It was much lower than the 2.7% that economists had obtained. foretold
and the slower pace of growth since the start of the recovery, as well as a huge decline since the 6.7% rate in spring
Aside from the monumental recession in the first half of 2020, when the economy came to a halt amid lockdowns, it was also the worst quarterly performance since last quarter of 2019
, when the GDP grew at a rate of 1.9%.
The slowdown was “more than explained” by a slowdown in consumer spending, according to the BEA, which declined after the sugar rush stimulus control
Although US income rose $ 47.8 billion thanks to higher wages, even as government benefits declined, disposable income actually fell 0.7%, or $ 29.4 billion.
The savings rate also fell to 8.9%, compared to 10.5% in the second quarter. In principle, that’s a good thing, because it helps the economy when people spend instead of saving. But during the summer, consumers also spent less as confidence took a hit amid the surge in Delta cases.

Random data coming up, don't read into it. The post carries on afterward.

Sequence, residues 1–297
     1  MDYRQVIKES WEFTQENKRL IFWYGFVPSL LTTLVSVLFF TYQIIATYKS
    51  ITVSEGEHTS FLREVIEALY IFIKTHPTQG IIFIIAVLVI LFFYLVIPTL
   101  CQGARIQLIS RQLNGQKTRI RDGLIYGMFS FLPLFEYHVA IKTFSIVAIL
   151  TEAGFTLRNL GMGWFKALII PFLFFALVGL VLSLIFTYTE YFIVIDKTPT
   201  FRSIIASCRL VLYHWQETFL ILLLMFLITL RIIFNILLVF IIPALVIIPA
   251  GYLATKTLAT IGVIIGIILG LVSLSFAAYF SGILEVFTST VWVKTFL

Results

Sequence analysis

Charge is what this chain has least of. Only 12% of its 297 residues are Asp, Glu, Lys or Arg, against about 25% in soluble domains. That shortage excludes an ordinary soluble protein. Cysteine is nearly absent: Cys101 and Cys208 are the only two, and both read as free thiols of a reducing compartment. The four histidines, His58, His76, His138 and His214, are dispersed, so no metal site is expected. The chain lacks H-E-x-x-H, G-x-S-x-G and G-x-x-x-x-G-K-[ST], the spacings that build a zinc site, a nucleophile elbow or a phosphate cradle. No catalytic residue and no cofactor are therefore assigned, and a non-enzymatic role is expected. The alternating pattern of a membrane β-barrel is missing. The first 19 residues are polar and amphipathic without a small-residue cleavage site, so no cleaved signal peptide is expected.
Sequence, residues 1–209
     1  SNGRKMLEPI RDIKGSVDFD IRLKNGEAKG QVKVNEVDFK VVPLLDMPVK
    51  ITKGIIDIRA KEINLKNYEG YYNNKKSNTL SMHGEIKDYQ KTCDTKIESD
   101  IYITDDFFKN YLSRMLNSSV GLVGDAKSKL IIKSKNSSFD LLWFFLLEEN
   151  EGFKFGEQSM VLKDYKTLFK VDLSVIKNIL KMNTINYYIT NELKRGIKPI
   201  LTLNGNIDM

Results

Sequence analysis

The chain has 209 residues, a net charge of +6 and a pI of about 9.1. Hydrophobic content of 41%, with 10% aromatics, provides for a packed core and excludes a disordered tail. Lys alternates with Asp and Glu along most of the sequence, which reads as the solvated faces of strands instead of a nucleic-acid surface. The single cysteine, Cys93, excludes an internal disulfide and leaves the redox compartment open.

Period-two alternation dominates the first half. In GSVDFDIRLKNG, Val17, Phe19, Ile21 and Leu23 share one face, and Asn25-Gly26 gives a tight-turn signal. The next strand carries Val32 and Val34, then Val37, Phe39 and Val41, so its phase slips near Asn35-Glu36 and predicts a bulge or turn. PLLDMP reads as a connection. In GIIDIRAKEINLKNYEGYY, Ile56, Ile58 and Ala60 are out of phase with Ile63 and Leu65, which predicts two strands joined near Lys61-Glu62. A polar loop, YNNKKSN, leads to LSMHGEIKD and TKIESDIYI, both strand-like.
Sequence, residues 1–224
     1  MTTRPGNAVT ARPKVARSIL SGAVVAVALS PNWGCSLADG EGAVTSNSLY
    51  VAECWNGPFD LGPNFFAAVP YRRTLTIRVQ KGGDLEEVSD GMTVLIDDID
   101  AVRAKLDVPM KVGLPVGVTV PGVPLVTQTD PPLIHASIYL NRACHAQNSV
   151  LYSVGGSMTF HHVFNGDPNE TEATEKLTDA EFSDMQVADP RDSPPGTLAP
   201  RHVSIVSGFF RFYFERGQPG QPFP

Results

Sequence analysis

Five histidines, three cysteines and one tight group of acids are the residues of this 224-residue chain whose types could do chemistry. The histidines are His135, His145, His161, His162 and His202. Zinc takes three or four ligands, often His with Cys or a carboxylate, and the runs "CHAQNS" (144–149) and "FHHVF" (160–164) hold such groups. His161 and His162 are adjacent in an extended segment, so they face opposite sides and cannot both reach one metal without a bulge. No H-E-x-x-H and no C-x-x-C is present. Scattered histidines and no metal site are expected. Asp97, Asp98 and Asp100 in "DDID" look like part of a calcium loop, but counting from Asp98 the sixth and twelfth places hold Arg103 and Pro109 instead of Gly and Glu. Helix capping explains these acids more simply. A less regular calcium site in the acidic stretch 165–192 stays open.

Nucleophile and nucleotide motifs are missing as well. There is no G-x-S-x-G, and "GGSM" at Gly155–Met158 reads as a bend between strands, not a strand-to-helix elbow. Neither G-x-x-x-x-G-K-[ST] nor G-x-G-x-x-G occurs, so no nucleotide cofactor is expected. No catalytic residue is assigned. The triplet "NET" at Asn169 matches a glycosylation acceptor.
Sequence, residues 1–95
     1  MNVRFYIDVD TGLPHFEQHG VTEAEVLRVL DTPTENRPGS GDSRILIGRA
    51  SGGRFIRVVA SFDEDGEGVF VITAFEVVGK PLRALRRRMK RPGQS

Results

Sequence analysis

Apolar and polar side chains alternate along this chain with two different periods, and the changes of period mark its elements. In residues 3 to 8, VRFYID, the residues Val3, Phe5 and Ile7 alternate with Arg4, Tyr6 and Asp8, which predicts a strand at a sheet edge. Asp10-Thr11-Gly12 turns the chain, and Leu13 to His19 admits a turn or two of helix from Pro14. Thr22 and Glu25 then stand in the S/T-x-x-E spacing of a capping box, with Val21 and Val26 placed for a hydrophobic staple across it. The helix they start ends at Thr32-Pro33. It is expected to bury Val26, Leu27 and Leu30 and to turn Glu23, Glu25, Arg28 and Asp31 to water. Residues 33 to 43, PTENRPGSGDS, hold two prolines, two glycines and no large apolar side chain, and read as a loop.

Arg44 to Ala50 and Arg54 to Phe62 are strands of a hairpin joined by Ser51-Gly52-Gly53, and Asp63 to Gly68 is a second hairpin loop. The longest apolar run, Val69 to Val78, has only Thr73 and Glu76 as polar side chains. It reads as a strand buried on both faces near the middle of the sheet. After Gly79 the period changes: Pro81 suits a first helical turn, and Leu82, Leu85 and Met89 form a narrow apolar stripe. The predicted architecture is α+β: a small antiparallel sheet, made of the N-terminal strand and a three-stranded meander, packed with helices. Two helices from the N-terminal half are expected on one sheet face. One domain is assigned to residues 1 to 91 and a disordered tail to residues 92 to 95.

America spent less on goods, particularly cars, as well as services, and restaurants and hotels felt it more, as consumers again. He got nervous about being around others.
Meanwhile, the frenzy in the auto market has been a hallmark of the recovery: New cars were in short supply due to shortages of chips and parts, so Americans I bought used cars like never before
, raising prices and buying all available used vehicles. But the buying spree slowed over the summer and is now reflected in GDP.
Consumer confidence has recovered
and Covid cases are no longer at the alarming highs seen in the third quarter. So far, even high inflation doesn’t deter Americans from spending.
Economists believe this is a good sign for the last quarter of the year.
“We are confident that the fourth quarter will be much better,” said James Knightley, chief international economist at ING. “High-frequency consumer activity figures, such as flights, restaurant dinners and hotel stays, have risen from mid-September to October as the delta wave waned.”
That said, the supply chain chaos that became more apparent over the summer is still unresolved. In September, bottlenecks repressed industrial production
, and from October, billions of dollars in goods
they’re floating on container ships out of backward California ports.